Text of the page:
As our need to work digitally has become more prevalent over the last number of years and even more so during the current pandemic, we face another threat we know all too well. Cybercrime is a threat we have faced since working digitally but over the years it has grown and become more sophisticated, so we have some pointers to assist you in seeing the red flags that one might otherwise overlook.
Too many clients have been convinced to pay deposits into scammers’ accounts. The emails we have seen were all well written and have perfectly copied footers/signatures with photos of staff. The bank statements attached “proving” our banking details for the deposit (which is always requested in these emails) are stamped and look exactly the same as the real deal.
It is difficult to explain to clients that it is not our domain that is hacked, but the client’s. Gmail accounts are notoriously problematic.
Here are some handy tips to protect you when online:
How to identify a fake email (phishing)?
Our emails are sent from the Greyvensteins domain. This means that from our Port Elizabeth office the emails will end with @greyvensteins.co.za; for our Cape Town office they will end with @greyvensteinsct.co.za and from our Johannesburg office, they will end with @greyvensteinsjhb.co.za. Emails that do not come from a trusted URL are not from our offices and therefore are potential phishing attempts.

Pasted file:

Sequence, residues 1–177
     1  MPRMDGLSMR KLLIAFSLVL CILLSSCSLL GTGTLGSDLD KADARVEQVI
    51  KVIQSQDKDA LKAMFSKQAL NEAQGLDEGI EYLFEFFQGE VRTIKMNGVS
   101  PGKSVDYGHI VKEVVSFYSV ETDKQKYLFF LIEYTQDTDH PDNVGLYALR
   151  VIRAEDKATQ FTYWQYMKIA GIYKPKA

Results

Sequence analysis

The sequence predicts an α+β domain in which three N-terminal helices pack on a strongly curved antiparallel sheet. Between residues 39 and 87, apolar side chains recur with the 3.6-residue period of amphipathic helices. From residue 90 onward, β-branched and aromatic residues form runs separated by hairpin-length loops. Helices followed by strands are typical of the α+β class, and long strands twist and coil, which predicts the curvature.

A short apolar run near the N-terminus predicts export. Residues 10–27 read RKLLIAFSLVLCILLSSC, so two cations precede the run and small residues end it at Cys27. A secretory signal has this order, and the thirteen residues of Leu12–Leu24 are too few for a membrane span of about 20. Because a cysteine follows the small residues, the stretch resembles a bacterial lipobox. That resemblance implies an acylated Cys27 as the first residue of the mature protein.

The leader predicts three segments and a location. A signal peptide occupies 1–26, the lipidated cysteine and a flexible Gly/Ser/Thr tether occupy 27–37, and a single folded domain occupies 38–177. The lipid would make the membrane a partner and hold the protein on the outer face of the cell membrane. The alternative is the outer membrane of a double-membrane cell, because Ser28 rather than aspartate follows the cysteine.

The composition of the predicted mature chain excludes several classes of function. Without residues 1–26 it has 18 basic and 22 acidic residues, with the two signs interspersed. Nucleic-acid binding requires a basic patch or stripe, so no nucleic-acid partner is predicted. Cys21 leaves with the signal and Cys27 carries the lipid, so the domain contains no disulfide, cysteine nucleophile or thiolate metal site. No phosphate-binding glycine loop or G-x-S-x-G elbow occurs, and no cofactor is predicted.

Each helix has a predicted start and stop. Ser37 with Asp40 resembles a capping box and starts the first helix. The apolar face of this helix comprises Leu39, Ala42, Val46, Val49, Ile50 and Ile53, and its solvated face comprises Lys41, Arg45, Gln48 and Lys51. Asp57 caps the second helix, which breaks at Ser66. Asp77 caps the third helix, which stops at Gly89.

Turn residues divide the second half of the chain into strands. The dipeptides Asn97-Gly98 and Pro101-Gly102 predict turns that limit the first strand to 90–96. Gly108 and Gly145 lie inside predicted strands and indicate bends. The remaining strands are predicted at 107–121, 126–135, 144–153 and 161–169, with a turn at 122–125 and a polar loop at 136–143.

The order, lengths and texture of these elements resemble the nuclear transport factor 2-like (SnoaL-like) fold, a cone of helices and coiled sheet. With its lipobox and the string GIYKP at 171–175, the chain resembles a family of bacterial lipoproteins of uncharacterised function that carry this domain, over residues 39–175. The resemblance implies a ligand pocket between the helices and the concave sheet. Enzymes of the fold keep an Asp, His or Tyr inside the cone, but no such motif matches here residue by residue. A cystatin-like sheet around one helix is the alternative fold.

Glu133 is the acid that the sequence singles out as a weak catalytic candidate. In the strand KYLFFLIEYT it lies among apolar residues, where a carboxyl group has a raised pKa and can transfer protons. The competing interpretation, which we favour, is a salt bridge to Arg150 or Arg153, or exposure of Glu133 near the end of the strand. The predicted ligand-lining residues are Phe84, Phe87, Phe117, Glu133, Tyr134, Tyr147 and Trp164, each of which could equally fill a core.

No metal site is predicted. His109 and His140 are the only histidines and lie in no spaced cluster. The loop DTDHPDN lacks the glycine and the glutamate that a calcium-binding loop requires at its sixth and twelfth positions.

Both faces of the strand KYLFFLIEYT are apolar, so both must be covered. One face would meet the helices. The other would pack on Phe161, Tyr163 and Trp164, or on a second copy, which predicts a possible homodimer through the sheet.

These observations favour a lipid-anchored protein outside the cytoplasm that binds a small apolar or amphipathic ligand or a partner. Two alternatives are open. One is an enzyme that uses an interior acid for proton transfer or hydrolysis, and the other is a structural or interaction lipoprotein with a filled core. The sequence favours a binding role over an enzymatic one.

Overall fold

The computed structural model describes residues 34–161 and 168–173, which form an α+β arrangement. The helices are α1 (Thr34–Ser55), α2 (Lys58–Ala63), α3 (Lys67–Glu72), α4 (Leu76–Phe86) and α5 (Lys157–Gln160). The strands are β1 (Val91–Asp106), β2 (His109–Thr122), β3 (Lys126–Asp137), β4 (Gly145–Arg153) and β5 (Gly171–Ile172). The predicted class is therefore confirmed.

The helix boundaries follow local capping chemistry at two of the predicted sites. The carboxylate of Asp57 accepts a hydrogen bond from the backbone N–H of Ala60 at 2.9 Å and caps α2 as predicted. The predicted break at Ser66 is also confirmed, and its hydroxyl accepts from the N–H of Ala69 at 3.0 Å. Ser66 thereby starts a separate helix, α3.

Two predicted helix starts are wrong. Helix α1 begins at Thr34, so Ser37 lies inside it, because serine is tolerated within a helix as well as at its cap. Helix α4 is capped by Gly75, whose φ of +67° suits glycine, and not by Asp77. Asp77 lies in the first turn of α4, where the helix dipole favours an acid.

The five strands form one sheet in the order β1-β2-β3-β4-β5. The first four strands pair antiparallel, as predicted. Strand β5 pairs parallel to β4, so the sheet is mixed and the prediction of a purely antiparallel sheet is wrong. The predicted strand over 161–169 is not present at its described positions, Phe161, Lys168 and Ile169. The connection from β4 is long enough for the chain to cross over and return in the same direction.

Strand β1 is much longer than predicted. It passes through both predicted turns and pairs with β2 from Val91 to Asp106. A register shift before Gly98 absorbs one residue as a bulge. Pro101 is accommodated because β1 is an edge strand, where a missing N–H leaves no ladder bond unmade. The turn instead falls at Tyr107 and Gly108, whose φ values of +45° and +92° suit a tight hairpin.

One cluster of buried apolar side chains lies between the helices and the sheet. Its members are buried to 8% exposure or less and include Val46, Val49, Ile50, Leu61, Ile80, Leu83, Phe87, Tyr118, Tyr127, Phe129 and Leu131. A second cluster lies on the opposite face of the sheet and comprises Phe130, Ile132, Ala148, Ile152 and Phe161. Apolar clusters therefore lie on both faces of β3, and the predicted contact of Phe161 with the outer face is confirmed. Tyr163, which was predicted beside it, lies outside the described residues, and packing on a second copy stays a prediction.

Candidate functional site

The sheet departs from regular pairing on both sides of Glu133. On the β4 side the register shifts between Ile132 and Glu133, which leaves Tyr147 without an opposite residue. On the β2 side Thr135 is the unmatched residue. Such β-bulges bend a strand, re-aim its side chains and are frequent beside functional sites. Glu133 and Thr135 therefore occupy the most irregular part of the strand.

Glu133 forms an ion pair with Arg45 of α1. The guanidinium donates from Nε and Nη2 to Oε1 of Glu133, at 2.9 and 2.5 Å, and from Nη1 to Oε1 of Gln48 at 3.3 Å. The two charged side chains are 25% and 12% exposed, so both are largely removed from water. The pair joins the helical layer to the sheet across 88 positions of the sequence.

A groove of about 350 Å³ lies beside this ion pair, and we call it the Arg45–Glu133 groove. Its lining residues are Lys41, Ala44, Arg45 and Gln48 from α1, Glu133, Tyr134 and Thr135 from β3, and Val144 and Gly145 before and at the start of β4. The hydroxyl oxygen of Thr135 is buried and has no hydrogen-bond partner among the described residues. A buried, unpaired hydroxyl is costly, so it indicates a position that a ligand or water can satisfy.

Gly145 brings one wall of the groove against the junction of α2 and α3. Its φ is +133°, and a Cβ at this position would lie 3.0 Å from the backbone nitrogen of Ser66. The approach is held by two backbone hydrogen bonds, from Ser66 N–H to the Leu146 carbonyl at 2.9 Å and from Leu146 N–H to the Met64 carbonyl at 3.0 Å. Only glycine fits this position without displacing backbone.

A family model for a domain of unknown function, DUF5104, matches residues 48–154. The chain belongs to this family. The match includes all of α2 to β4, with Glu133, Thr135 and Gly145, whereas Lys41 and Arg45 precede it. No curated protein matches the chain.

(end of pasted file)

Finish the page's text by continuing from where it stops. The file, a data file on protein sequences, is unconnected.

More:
Characters in an email address that look suspicious – for example ‘ ’ being used to replace an ‘o’.
Look out for edited logos, weird designs, mismatched fonts or stamps on documents that are clearly not the original stamp from the bank.
Incorrect dates or dates that are nonsensical.
False sense of urgency or push to click a link because of a security issue or information verification.
An email from Greyvensteins Inc. will never include links to software updates or strange attachment formats – for example .exe. It will also never ask you to enable macros.
The ‘To’ address contains multiple contacts with a similar attribute, like the same first letter or all email addresses from a different domain. Otherwise, the ‘To’ addresses look like a mailing list to which you would ordinarily belong, but the sender isn’t the authorised user of the mailing list.
Hover over links to see where they lead (and don’t follow them) before you click if you have to confirm requests for action via another method with details you have on record.
How to identify scams?
The promise of money in return for a favour or the promise of a large sum of money in return for you depositing a small sum of money.
A request for your OTP (one-time pin) or password.
A refund where they need access to your PC or online profiles to perform the refund.
Notifications of lottery winnings or an inheritance from someone you may have never heard of.
Request for credit card information.
Unsolicited requests for personal information.
Check sender address
Check that the sender address is the same address as the one on record (pay attention to replacements).
When replying, check that your reply is being sent to the same e-mail address that is on the original email.
The main distinguishing feature of scams is that they sound too good to be true, and the reality is they usually are. The key to avoiding scams and phishing emails is to not respond, rather alert your relevant IT professional.
If you are ever in doubt about whether an email is from us please contact our offices and we will happily verify the origin of the email.